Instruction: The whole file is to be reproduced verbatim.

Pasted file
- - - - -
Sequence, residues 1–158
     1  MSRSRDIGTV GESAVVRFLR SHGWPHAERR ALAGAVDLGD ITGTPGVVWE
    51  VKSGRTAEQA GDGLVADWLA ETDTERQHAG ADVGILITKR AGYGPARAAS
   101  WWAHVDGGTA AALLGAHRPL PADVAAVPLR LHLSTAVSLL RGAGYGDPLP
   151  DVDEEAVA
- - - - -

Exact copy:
Sequence, residues 1–158
     1  MSRSRDIGTV GESAVVRFLR SHGWPHAERR ALAGAVDLGD ITGTPGVVWE
    51  VKSGRTAEQA GDGLVADWLA ETDTERQHAG ADVGILITKR AGYGPARAAS
   101  WWAHVDGGTA AALLGAHRPL PADVAAVPLR LHLSTAVSLL RGAGYGDPLP
   151  DVDEEAVA